1) REDUCED BULK BACK JOIN If you do not care for the bulk of six doubled stitches in a row (3 lavender, 3 purple) try this. Work the lavender stitches in as usual. However, instead of working the tail of the purple yarn into the first three purple stitches after the color change, leave the purple tail dangling on the back of the work and knit a whole round. When you have come to the joined color change-spot on the next round, the purple yarn will still be dangling back there. Now pick it up, hold it together with the standing yarn, and knit it into the first three purple stitches in this SECOND round. These three doubled purple stitches will be separated from the first three doubled lavender stitches by one row--making the lump in the fabric less concentrated. This reduced bulk join "jogs" where the color changes. In a circular knit garment where the "jog" would be a problem, you can make this reduced bulk join "jogless"

2) JOGLESS BACK JOIN. If you are making colored stripes in the round with only two colors, there is no need to work in the ends--normally, you would carry the yarn of the second color behind the stripe of the first color. However, if you're using many different colors, then carrying the yarn behind from stripe to stripe is not an option. You might like to combine the back join with the jogless stripe technique (jogless joins are described in the TECHknitting post of 1/27/07). Here's how:
(1) Knit the last three lavender stitches with a folded back doubled strand. Switch to purple, but knit ONLY with the standing yarn--leave the tail dangling on the back of the fabric.
(2) When you come back to the color-change spot on the second round, SLIP the first purple stitch which you knit in the round below.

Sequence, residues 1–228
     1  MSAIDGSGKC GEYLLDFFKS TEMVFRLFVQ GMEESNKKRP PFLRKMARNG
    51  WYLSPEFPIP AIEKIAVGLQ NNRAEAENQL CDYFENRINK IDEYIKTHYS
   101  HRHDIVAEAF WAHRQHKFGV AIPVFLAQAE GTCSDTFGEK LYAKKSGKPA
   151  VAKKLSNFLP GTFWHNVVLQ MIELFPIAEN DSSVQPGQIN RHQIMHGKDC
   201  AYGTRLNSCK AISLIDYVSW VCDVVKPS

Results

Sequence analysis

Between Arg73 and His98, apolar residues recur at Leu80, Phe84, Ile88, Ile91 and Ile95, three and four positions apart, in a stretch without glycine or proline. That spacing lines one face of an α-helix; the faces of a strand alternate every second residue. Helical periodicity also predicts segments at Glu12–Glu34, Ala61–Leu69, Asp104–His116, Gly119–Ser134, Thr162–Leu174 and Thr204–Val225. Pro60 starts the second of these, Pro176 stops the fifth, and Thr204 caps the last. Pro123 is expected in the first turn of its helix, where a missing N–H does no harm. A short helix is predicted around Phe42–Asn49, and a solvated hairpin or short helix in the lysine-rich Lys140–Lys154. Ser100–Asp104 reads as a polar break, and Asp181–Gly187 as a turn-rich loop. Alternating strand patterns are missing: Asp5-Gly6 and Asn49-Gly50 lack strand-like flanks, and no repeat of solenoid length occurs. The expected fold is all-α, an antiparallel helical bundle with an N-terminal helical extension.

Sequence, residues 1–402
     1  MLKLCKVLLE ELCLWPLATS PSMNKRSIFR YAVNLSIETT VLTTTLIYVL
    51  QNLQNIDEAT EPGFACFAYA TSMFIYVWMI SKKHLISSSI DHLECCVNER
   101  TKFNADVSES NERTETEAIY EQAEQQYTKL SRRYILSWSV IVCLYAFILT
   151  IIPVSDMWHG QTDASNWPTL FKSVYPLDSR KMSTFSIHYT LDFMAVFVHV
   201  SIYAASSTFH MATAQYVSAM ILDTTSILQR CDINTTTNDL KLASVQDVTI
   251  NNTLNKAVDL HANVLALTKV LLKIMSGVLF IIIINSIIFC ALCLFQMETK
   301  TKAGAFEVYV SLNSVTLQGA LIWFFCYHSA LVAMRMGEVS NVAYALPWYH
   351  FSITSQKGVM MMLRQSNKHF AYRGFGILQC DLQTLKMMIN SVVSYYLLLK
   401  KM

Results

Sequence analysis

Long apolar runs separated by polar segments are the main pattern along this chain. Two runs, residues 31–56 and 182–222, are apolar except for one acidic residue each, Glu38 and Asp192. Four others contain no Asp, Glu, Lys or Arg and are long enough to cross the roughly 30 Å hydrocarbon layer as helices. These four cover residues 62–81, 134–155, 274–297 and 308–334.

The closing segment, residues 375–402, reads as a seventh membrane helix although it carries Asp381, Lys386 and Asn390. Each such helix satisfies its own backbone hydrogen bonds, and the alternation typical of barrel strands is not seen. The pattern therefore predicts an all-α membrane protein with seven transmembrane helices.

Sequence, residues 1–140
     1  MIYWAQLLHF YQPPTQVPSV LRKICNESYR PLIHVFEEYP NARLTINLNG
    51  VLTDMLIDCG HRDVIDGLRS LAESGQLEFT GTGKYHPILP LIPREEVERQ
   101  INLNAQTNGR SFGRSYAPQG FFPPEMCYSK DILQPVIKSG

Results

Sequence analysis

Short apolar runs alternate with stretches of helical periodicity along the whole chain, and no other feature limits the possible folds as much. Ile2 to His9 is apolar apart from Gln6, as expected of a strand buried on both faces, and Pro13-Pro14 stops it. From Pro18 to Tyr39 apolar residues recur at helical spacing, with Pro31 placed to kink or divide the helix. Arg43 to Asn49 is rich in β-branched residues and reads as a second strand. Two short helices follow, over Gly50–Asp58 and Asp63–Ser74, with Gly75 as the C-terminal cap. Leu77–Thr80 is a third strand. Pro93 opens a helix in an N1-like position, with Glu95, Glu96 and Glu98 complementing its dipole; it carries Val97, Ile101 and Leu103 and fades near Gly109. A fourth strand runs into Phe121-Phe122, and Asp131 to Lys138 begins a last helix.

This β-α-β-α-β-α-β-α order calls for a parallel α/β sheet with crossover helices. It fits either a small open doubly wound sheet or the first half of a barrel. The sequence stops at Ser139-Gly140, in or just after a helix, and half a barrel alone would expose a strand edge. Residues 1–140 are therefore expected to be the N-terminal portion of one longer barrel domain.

(3) knit the following three purple stitches with the doubled stand (that is: knit the second, third and fourth purple stitch of the second round with the tail yarn--which you will find dangling where you left it on the round below--held together with the standing yarn, to make a double strand).

Here is an photo of both fabric faces of a jogless back join, "in the wool."
To make a back join on back and forth (flat) knitting, locate and pinch a spot just past the last lavender stitch in the last lavender row. Unravel the last three lavender stitches you knit, interlock the lavender and purple yarns, re-knit the last three lavender stitches with the lavender standing yarn PLUS folded-back standing yarn. Snip the lavender yarn, leaving several inches of tail. On the next row, knit (or purl) the first three purple stitches with a double strand made of the purple tail yarn held alongside the purple standing yarn. If you don't want two rows of double yarn, one above another, you can modify the join to reduce bulk: leave the tail hanging on the first purple row, then wait until the second pass-through in purple to knit in the purple tail.

Last note: After you have located, marked (or pinched), raveled out and re-knit several sets of three stitches, you will know instinctively where to locate the interlock color change point WITHOUT having to knit, mark and ravel out--you'll be able to interlock, fold back and knit without any break in your rhythm. At this point, I believe you will find the back join far faster (and more satisfactory) than the Russian join.

*An "unvention," is a knitting trick which doubtlessly has been invented before, but which is revealing itself to the unventor anew.


PS:  Here is a link to a post with 10 (!)  different methods of working in ends in knitting, eight of which are "as you go."
(You have been reading TECHknitting on: the back join.)